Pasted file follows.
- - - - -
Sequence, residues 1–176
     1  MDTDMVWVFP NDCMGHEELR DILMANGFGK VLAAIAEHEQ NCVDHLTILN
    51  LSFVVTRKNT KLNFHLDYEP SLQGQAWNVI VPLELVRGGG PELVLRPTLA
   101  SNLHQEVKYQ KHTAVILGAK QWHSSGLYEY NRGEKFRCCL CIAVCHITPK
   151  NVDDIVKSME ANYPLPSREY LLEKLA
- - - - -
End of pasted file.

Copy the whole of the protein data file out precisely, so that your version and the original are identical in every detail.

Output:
Sequence, residues 1–176
     1  MDTDMVWVFP NDCMGHEELR DILMANGFGK VLAAIAEHEQ NCVDHLTILN
    51  LSFVVTRKNT KLNFHLDYEP SLQGQAWNVI VPLELVRGGG PELVLRPTLA
   101  SNLHQEVKYQ KHTAVILGAK QWHSSGLYEY NRGEKFRCCL CIAVCHITPK
   151  NVDDIVKSME ANYPLPSREY LLEKLA